Skip Navigation Links weather.gov   
NOAA logo - Click to go to the NOAA homepage National Weather Service   NWS logo - Click to go to the NWS homepage
National Hurricane Center
Local forecast by
"City, St" or "ZIP"

 
Alternate Formats
   Text     |   Mobile
   Email   |   RSS XML/RSS logo
   About Alternates
Cyclone Forecasts
   Latest Advisory
   Past Advisories
   Audio/Podcasts
   About Advisories
Marine Forecasts
   Atlantic & E Pacific
   Gridded Marine
   About Marine
Tools & Data
   Satellite | Radar
   Analysis Tools
   Aircraft Recon
   GIS Datasets
   Data Archive
Development
   Experimental
   Research
   Forecast Accuracy
Outreach & Education
   Prepare
   Storm Surge
   About Cyclones
   Cyclone Names
   Wind Scale
   Most Extreme
   Forecast Models
   Breakpoints
   Resources
   Glossary | Acronyms
   Frequent Questions
Our Organization
   About NHC
   Mission & Vision
   Staff | Q&A
   Visitors | Virtual Tour
   Library Branch
   NCEP | Newsletter
Contact Us
   Comments
Follow the National Hurricane Center on Facebook Follow the National Hurricane Center on Twitter
Subscribe the National Hurricane Center on YouTube Read the National Hurricane Center Inside the Eye blog on WordPress
FirstGov.gov is the U.S. Government's official Web portal to all Federal, state and local government Web resources and services.
 
 

Hurricane ANDRES Forecast Discussion


Home   Public Adv   Fcst Adv   Discussion   Wind Probs   Graphics   Archive  


000
WTPZ41 KNHC 301435
TCDEP1

HURRICANE ANDRES DISCUSSION NUMBER  10
NWS NATIONAL HURRICANE CENTER MIAMI FL       EP012015
800 AM PDT SAT MAY 30 2015


Andres has strengthened a little more this morning.  The cloud
pattern has become better organized with the eye of the hurricane
intermittently appearing in satellite images.  Recent microwave
data show a well-defined eyewall, but most of the banding features
are concentrated on the east side of the circulation, likely due to
northwesterly shear. The initial intensity is raised to 90 kt, in
agreement with the Dvorak classifications from TAFB and SAB, making
Andres a category 2 hurricane on the Saffir-Simpson Hurricane Wind
Scale.

The hurricane still has about another day over warm water and the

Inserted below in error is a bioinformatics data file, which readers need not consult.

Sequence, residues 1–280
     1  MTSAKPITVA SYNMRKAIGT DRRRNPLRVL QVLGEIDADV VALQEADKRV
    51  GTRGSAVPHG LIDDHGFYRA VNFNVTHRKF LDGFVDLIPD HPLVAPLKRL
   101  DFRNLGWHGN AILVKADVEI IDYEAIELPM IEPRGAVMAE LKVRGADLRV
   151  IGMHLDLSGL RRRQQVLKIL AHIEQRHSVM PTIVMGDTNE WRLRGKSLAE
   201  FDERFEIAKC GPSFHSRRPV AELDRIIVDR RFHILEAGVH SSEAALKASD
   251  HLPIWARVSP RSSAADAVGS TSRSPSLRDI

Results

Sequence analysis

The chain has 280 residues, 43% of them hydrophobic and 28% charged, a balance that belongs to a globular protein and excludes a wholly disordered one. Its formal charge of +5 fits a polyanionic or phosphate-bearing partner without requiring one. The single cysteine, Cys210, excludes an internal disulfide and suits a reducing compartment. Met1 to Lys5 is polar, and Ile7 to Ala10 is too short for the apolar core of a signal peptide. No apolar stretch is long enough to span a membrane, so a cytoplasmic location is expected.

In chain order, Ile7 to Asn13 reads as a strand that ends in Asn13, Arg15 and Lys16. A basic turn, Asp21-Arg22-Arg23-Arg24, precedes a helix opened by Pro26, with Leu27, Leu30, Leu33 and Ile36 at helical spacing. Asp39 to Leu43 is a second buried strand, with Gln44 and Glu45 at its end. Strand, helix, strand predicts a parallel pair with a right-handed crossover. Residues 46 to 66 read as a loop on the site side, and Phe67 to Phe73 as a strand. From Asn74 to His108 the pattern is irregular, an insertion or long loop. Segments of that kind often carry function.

SHIPS model lowers the current shear during that time. Therefore,
some additional short-term strengthening is possible even though
none of the models suggest intensification.  After that time,
however, Andres is expected to move over progressively cooler
water and into a more stable airmass.  These unfavorable conditions
should promote a steady weakening trend.  The official forecast is
a little higher than the previous one during the next 36 hours to
account for the higher initial intensity.

Andres is moving northwestward at about 6 kt toward a weakness in
the subtropical ridge.  A turn to the west-northwest is expected to
occur tonight or on Sunday when the ridge builds to the north
of the hurricane, and that general motion should continue for the
remainder of the forecast period.  Little change was made to the
previous forecast track, and it lies close to the middle of the
guidance envelope.


FORECAST POSITIONS AND MAX WINDS

INIT  30/1500Z 14.5N 115.9W   90 KT 105 MPH
 12H  31/0000Z 15.1N 116.8W   95 KT 110 MPH
 24H  31/1200Z 15.8N 118.0W   90 KT 105 MPH
 36H  01/0000Z 16.3N 119.2W   80 KT  90 MPH
 48H  01/1200Z 16.8N 120.6W   70 KT  80 MPH
 72H  02/1200Z 18.2N 123.7W   60 KT  70 MPH
 96H  03/1200Z 19.1N 127.1W   45 KT  50 MPH
120H  04/1200Z 19.2N 129.6W   35 KT  40 MPH

$$
Forecaster Cangialosi



Quick Navigation Links:
Tropical Cyclone Forecasts  -  Tropical Marine Forecasts  -  Data Archive
Outreach  -  Prepare  -  About Cyclones  -  About NHC  -  Contact Us

NOAA/ National Weather Service
National Centers for Environmental Prediction
National Hurricane Center
11691 SW 17th Street
Miami, Florida 33165 USA
nhcwebmaster@noaa.gov
Disclaimer
Credits
Information Quality
Glossary
Privacy Policy
Freedom of Information Act (FOIA)
About Us
Career Opportunities
Page last modified: Saturday, 30-May-2015 14:35:31 UTC